Adolf Hitler had a difficult upbringing filled with losses and disappointments. As a very young child, he was closely attached to his parents, however this relationship changed drastically by adolescence. From that point onwards, Hitler suffered from a series of parental rejections and a lack of recognition. His mother tended to focus her attention on her younger son, Edmund. At the same time, his father was often absent from the family home, reportedly travelling for business a lot and leaving Adolf feeling neglected and rejected.
Hitler’s poor socialization is often attributed to his poor upbringing. He was an odd child, who refused to speak and play with other children and withdrew further into himself when his younger brother was born. By age 18, he had just two close friends and could not be said to be well liked by his peers. It’s thought that this lack of socialization has contributed to his distorted views of people, his ability to create hate, and lead Nazis in a way that ultimately led to their defeat.
Poor Mental Health
Hitler’s mental health was also widely considered to be impaired due to his unapproachable personality and lack of empathy for others. It is believed that he suffered from paranoia and depression, as well as inadequate emotional development. He was known to become very aggressive in his writing and speeches and was known to struggle to form trusting relationships. His mental health was never officially diagnosed, however it is widely believed that this was due to his unhappiness with his own life, coupled with his poor upbringing.
With a poor upbringing and lacking mental health, it is no surprise that Hitler became emotionally unstable. His speeches during World War 2 represented this instability, becoming increasingly aggressive, paranoid and, ultimately, desperate. His lack of balance and control over his emotions also contributed to his downfall, as his irrational thought processes and behaviour meant that he made many mistakes in his decision-making. It is attributed to this emotional instability that his Third Reich ultimately crumbled.
The effects of Hitler’s problems are still being felt today, more than 70 years after his death. His ideology has been adopted by far-right political parties and organisations, thus continuing to propagate intolerance and corruption around the world. The other lasting effect of his troubled upbringing is that it serves as a reminder to us of the life-long consequences of childhood trauma and parental neglect. This serves as an important reminder to parents around the world of the responsibility they have in upbringing their children.
The Psychological Explanation of Hitler’s Rise to Power
From a psychological perspective, there have been numerous studies into what motivated Hitler and why he was able to be successful in his rise to power. It is believed that his broken childhood combined with his crippling fear of rejection, inspired him to create a powerful and unified regime where his own flawed ideologies could reign supreme. It is theorized that his primary goal was to achieve acceptance and recognition, something he had been denied throughout his childhood. His craving for power and recognition of course, ultimately led to the disaster that was World War 2.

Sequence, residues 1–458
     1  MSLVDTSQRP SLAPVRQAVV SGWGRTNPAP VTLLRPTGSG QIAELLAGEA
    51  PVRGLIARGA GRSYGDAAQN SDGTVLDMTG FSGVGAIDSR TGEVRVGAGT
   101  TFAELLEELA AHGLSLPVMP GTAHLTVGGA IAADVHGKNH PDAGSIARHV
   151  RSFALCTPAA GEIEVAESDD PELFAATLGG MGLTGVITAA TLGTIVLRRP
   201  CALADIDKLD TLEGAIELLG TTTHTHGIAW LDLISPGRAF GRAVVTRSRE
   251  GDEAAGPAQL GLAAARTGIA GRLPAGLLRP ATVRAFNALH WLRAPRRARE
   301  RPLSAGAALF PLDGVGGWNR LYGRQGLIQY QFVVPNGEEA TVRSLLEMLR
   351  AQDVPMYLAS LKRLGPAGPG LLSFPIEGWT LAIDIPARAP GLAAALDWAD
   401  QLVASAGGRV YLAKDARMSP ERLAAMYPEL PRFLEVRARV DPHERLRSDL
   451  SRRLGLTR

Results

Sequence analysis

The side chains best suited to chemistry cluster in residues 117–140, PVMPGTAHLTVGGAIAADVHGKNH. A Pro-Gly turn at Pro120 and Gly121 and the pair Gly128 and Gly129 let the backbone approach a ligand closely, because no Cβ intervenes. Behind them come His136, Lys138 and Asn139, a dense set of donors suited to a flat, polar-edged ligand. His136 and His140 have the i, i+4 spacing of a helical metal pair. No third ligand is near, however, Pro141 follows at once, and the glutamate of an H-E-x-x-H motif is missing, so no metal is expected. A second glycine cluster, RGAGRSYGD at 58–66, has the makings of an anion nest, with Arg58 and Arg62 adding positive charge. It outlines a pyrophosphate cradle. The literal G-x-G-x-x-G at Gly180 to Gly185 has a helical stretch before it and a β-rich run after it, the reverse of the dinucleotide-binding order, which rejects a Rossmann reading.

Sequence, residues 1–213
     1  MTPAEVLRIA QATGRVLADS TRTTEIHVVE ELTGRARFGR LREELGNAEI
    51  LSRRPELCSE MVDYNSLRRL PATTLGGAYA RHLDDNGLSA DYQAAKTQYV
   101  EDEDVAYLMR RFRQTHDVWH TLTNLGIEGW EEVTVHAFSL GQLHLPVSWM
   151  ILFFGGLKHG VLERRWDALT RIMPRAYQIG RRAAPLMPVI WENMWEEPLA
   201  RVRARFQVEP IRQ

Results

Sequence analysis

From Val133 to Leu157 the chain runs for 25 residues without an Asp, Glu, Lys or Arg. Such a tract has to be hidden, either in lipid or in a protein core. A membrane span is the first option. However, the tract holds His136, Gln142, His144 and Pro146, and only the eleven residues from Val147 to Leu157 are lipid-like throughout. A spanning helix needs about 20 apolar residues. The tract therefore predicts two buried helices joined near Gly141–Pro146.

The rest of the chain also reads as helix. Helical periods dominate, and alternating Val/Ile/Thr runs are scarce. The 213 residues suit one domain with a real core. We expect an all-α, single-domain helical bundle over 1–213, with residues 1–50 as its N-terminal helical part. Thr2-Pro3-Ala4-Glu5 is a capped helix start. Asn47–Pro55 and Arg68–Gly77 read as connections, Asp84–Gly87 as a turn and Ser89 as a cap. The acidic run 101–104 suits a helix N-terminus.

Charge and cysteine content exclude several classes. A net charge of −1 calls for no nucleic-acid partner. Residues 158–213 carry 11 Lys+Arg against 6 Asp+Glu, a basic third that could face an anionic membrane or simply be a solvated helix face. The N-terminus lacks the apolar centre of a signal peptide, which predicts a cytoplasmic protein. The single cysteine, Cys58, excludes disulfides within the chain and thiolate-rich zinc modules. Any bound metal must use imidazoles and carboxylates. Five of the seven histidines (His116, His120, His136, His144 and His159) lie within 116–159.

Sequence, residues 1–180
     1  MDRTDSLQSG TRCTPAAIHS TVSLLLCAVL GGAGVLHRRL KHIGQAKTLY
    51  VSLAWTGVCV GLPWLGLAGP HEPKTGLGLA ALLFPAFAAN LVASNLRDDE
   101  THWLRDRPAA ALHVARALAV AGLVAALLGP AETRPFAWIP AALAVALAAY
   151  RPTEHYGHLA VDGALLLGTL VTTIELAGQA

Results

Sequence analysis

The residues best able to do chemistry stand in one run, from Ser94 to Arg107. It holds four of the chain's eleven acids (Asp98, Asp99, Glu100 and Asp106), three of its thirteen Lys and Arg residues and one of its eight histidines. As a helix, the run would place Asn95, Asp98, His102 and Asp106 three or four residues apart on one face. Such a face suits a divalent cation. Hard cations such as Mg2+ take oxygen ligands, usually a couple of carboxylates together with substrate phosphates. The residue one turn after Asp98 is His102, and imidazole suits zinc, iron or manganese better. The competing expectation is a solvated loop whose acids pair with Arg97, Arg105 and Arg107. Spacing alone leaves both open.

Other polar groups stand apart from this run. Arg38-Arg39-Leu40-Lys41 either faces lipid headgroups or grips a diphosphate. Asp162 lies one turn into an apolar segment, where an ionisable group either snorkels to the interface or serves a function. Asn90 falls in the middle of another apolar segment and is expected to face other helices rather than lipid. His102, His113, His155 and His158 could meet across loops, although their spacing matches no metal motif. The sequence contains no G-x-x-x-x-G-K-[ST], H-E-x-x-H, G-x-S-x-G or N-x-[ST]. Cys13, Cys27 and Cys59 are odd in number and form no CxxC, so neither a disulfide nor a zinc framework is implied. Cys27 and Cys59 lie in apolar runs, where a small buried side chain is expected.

Public Perception of Hitler
The public perception of Hitler has drastically changed since his death, from admiration to revulsion. He is now widely thought of as a cruel and hateful leader, responsible for one of the biggest atrocities in human history. His legacy has become synonymous with fascism, racism and genocide. He is a reminder to us all of the danger of corrupt and dictatorial leadership, and the immense power of hate.
Hitler’s legacy and his influence on world history can not be underestimated. His policies and ideologies led to what is considered the most devastating war in human history, causing the deaths of millions of people. He is rightfully blamed for the Holocaust, and it’s thought that he personally ordered the extermination of six million Jews. His incompetence as a leader, combined with his extreme hate, ultimately brought Germany and the entire world to its knees.
The reverberations of Hitler’s legacy can still be felt today in the form of modern extremist movements. His ideologies of hatred, bigotry and arrogance remain alive in various parts of the world, taking many different forms. Radical ideologies like Fascism, Neo-Nazis and the KKK still persist in some parts of the world, and Hitler’s actions have sadly acted as a blueprint for future extremist movements.
Although his ways of thinking and actions are widely looked down upon today, evidence of his political rhetoric and style still remain. The use of public speaking and targeted language to manipulate emotions remain widely used in political campaigns, although the degree of its use is not as extreme as it was during Hitler’s rule. His speeches have gained infamy for their aggressive rhetoric, emotional triggers and powerful language.
The Neo-Nazism Phenomenon
The Neo-Nazism phenomenon is an unfortunate spin-off from Hitler’s legacy. Right-wing political parties and organisations around the world continue to use Nazi propaganda and rhetoric to gain power and manipulate public opinion. The aims of their movements differ from the original Nazi movement, yet still espouse similar ideals. The memory of Hitler’s crimes against humanity still serve as a reminder of the danger of allowing hatred and intolerance to spread.
It is the task of informed activists to oppose the ideologies and movements of Hitler’s legacy. Through grass-roots campaigns and open political dialogues, activists across the world have the power to challenge and prevent the spread of far-right extremism. Through this they can mobilize those with shared views and challenge the ideas that Hitler used to manipulate people and create his oppressive regime.